Treat Me Like a Customer

  • by Louis Upkins
  • Narrated by Louis Upkins
  • 5 hrs and 46 mins
  • Unabridged Audiobook

Publisher's Summary

Do you feel as though you’re doing everything right to provide for your family but sense a growing distance between you and those you love the most? According to entrepreneur Louis Upkins, you may be doing all the right things, but in the wrong order. Using a simple customer service principle, you can learn how to be just as successful at home as you are at work. Fulfill your calling as a parent and spouse by doing what you do so well at work.


See More Like This

Customer Reviews

Most Helpful

Common sense ideas presented in a novel way

Louis Upkins is a Christian man and has written his book with this target audience in mind. Others can benefit from the general principles that he offers. However, that is his background and it is the history that he draws from in expressing his message.

And his message is simple and largely sensible. We claim that our families are the most important things in our lives, certainly more so than anything that goes on at our jobs. Yet, for many, actions speak louder than words and those actions are that when push comes to shove, the job comes first.

Mr. Upkins message is to bring the customer driven focus that leads to success in business back to the home life - to think in terms of customer service in our dealings with our families. On the surface, it sounds insulting. Surely we should think of our families better than customers. But, digging deeper, the focus of the books is more about using the techniques of customer service to make for more effective relations at home.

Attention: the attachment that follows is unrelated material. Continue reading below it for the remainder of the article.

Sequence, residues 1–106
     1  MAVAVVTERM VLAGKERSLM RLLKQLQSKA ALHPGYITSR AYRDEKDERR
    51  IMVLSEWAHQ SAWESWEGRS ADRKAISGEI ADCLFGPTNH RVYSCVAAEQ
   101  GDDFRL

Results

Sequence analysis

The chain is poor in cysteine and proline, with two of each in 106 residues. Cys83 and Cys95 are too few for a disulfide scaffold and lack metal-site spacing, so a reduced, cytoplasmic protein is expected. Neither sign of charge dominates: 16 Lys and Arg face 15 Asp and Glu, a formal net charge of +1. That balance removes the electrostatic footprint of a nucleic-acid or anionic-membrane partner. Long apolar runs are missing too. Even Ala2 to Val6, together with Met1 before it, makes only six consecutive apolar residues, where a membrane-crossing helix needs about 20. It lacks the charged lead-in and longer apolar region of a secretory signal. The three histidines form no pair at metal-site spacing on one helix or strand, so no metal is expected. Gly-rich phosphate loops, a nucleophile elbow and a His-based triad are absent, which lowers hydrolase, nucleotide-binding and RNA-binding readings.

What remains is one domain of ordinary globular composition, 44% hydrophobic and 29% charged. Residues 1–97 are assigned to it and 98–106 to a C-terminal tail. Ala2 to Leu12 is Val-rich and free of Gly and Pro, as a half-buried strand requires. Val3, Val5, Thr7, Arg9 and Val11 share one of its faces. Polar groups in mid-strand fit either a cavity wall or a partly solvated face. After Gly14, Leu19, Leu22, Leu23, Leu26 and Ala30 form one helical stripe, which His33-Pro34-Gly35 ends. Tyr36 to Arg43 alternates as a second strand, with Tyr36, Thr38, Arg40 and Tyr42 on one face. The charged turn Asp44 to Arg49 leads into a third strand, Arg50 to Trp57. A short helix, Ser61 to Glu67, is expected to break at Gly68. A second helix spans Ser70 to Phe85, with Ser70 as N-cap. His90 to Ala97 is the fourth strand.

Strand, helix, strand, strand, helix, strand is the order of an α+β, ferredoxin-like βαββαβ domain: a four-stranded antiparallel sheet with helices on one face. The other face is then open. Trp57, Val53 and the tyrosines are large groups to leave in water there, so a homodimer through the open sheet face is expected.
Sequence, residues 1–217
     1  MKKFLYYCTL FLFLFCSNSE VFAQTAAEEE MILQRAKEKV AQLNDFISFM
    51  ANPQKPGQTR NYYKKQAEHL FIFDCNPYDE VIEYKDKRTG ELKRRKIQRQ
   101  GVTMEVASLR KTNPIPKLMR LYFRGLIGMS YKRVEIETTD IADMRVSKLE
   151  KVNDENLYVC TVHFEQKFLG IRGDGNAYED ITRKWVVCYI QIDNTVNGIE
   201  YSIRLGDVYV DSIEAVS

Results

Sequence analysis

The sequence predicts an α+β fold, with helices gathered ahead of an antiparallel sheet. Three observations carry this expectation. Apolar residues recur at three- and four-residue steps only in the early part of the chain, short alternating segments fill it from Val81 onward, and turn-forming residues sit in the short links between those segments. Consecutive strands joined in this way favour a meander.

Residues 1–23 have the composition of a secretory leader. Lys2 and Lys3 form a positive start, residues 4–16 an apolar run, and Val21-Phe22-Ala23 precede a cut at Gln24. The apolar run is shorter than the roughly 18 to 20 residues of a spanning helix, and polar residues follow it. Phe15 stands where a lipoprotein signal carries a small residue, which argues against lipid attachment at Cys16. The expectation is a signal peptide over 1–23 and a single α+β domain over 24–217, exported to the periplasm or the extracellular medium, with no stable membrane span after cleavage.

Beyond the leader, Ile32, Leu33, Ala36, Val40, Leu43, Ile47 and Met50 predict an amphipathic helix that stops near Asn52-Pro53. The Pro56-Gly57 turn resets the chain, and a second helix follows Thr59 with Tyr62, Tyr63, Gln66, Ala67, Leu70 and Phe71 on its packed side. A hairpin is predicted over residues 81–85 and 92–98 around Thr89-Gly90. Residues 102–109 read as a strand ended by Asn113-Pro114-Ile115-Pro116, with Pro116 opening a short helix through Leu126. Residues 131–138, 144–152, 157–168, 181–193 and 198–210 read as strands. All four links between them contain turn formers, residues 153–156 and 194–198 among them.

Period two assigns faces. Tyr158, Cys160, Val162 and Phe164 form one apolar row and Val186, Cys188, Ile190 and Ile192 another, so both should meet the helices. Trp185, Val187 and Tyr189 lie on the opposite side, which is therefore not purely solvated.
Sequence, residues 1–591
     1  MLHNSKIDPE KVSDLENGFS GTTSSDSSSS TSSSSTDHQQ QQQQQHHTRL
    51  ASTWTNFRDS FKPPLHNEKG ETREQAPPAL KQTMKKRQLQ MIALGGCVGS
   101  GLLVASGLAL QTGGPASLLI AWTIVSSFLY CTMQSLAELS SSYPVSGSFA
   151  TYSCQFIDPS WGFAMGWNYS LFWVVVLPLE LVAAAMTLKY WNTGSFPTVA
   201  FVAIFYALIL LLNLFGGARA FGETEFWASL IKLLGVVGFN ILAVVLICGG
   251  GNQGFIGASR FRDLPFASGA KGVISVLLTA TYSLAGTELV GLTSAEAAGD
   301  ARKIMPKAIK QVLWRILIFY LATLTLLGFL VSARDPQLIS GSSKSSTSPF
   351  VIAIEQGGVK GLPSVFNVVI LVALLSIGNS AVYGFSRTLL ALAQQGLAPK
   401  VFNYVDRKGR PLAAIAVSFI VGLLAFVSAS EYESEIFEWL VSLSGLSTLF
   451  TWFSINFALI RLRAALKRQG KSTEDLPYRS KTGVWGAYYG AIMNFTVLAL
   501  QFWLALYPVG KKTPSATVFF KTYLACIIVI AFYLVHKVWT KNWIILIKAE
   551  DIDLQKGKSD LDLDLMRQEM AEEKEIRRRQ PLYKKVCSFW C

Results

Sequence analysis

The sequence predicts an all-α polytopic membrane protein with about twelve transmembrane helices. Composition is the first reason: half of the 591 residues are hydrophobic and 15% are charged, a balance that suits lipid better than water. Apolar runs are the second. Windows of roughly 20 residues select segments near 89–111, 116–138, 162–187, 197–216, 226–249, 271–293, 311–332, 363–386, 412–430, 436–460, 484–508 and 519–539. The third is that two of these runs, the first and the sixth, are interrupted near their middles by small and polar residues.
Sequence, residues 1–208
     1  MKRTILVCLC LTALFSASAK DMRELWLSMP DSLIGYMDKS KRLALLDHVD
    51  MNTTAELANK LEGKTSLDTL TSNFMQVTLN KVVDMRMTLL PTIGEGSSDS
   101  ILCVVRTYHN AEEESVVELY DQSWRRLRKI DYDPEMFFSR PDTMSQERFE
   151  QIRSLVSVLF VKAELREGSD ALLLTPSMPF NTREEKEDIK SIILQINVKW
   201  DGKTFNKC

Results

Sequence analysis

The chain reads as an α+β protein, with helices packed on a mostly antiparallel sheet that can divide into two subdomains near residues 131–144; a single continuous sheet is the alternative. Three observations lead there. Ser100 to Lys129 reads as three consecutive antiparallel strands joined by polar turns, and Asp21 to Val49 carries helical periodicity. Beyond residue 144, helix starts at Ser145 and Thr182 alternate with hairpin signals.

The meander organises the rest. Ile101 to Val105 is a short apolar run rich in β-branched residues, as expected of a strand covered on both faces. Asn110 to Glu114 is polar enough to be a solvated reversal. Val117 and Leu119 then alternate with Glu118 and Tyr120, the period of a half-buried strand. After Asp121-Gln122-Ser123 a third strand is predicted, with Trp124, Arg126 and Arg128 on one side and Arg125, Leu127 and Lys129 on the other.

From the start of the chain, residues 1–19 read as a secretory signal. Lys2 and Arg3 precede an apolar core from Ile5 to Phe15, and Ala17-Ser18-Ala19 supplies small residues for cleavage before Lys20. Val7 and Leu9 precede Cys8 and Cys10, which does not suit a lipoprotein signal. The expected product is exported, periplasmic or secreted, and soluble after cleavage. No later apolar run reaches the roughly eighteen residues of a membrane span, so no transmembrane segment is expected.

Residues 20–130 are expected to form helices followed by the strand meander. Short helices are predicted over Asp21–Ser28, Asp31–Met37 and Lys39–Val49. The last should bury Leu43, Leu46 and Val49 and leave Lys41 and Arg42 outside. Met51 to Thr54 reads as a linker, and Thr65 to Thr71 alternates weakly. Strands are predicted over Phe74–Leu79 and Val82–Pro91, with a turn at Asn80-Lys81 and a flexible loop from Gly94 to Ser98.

Overall, I think the advice is good. In listening to the author, I found myself already doing a lot of what he suggests - much of it seems obvious. Because of that, I find myself sympathetic to the message.

Structurally, I do think the book could actually be a good deal shorter, though it's not a long book to begin with. The introductory section in the beginning tends toward the repetitve. The last section also feels somewhat like filler - notes that the author wants to communicate, but that don't really fit in anywhere else.

The audiobook I listened to features the author doing his own narration. He doesn't have a future as a professional narrator, but reading his own material does give it an honest tone - this advice comes across as something that he really believes in and wants to share.

Overall, a decent read. While I don't think it's entirely original in its ideas, I do think it is original in its approach to presenting them.
Read full review

- A Texan 2

Book Details

  • Release Date: 02-08-2010
  • Publisher: Zondervan